Posted 22nd Jan 2016
With Burns Night only three days away, you may be starting to think of how to celebrate. If you haven't already got plans, then a gluten-free Burns Night supper could be just the event for you
Held at the Roamin' Nose Bistro in Edinburgh on 25th January, the gluten-free evening is set to include haggis, neeps and tatties, Burn's ode to the haggis, Scottish music and a dram of whisky on arrival.
In anticipation of the exciting event we spoke to chef Jonathan Brill to find out what inspired his gluten-free cooking.
What inspired you to come up with the gluten-free Burns Night menu?
People who eat gluten-free are excluded from so much, just because people don’t think about them or their dietary needs. The world's first gluten-free Burns Night is an inclusive, fun event, where everyone will enjoy excellent quality food.
What does Burns Night mean to you?
Robert Burns was one of the most remarkable poets of all time in any language. Before the French Revolution Burns wrote that ‘children lisp the Rights of Man; Amid this mighty fuss, just let me mention, The Rights of Woman merit some attention'. He was remarkable. 18th-century feminists were few and far between. We believe that Burns' would approve of our stance that whether you eat gluten-free because you have to, or it's a lifestyle choice or there's someone in your friendship group, then this is the clan for you.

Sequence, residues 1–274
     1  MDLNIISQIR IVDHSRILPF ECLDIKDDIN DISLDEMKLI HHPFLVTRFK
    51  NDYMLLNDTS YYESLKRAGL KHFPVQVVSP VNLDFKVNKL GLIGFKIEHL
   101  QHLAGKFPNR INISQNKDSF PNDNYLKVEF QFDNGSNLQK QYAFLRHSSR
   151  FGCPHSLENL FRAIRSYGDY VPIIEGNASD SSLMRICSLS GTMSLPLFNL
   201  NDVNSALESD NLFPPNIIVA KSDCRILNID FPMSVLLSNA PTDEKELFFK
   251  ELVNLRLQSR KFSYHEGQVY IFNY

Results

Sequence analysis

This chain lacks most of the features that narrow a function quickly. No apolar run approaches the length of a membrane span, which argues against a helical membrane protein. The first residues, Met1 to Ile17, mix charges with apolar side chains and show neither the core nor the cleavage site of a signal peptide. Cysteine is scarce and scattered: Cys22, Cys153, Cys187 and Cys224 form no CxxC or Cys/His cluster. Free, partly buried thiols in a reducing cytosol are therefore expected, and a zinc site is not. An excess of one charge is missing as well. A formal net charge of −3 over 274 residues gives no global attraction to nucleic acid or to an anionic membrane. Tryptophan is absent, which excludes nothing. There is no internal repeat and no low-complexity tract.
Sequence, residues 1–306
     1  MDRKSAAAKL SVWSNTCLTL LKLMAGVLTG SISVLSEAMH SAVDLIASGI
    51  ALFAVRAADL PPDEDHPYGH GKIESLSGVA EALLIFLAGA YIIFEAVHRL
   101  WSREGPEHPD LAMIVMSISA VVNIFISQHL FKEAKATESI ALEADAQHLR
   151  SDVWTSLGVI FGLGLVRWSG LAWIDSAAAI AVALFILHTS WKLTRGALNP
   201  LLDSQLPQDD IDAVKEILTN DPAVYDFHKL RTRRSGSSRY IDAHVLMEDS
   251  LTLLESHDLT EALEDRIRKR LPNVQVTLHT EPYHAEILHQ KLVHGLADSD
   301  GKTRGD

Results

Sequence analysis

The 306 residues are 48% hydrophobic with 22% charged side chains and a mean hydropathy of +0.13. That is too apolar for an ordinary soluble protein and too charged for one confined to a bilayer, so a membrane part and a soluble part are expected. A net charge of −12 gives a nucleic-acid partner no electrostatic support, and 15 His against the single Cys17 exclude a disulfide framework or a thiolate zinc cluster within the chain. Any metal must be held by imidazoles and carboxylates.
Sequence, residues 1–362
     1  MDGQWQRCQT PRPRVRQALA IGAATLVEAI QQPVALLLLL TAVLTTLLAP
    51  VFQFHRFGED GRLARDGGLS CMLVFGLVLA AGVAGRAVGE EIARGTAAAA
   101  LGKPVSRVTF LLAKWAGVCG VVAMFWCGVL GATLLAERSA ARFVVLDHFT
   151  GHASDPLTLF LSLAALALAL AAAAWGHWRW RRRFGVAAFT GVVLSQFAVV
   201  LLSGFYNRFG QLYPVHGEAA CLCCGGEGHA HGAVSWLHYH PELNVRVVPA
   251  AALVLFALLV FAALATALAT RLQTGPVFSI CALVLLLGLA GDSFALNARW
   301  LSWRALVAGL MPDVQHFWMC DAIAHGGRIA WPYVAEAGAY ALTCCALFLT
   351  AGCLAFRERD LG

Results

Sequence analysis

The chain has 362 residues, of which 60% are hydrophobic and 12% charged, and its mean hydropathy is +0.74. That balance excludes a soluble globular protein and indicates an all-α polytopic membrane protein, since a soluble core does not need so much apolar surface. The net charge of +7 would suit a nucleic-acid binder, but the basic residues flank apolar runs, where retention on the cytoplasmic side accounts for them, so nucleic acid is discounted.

Where did your interest in cooking come from?
From my Mother and her mother and my Sardinian-rooted upbringing. As a child I was my Mama's boy and used to spend a lot of time with her during cooking hours. Never thought much about it until I moved to Edinburgh to study in 2000 and got into all sorts of jobs, many of which were in kitchens.
How did you create the recipes?
For recipes and dishes in general, I tend to create our "specials" with a mind to avoid ingredients that contain gluten. Often wheat flours are used as thickeners for sauces and gravies, but we find it is easy enough to avoid this altogether.
If I have to use flour for certain dishes I will use alternative ones, made especially for gluten-free diets. For example when making Italian gnocchi, I started replacing wheat flour with chickpea and rice flours, and with time I managed to produce a dough that is as close as possible to the traditional gnocchi dough.
When making our gluten free cakes I learned a lot through trial and error - gluten free flours tend to produce grainier, drier sponges, so it took some experimenting to get the right texture. Now, by using the right combination of flours, eggs, adding a bit of almond flour, fruit, or fresh lemon juice such as in the dessert on offer for the Burns Supper, we produce classics like a Victoria Sponge with a perfect texture.
Do you have a lot of experience in gluten-free cooking?
Before The Roamin' Nose I had little experience or knowledge of gluten-free cooking – for my own diet it was enough to avoid certain foods or pay the consequences if I didn't. But now having a kitchen to run and customers with food intolerances and allergies, it seemed only fair to feed my natural curiosity and need of personal challenges – I am learning new ingredient combinations and also discovering that many dishes can be naturally gluten-free.
To find out more about the event, call 0131 629 3135. The gluten-free Burns Night supper costs £32 per person.